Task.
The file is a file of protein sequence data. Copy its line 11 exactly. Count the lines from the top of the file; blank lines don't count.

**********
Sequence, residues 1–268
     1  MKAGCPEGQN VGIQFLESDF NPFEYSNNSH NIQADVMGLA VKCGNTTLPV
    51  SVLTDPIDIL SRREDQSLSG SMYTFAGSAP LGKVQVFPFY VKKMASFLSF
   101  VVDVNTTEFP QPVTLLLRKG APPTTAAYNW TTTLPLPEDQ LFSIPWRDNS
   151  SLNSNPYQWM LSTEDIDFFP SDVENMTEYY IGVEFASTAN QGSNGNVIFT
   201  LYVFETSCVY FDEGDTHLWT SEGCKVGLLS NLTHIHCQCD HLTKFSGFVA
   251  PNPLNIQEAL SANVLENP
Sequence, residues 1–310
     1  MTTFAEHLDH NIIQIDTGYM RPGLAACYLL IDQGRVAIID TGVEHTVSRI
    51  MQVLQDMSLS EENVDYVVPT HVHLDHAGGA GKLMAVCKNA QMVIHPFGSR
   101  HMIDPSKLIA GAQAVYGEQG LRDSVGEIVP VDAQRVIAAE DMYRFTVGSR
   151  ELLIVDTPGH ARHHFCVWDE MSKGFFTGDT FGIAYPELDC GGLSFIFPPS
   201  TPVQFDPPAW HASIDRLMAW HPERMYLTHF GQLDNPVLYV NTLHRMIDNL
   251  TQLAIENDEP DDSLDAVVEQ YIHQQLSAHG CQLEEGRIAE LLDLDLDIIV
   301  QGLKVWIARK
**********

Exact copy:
   101  HMIDPSKLIA GAQAVYGEQG LRDSVGEIVP VDAQRVIAAE DMYRFTVGSR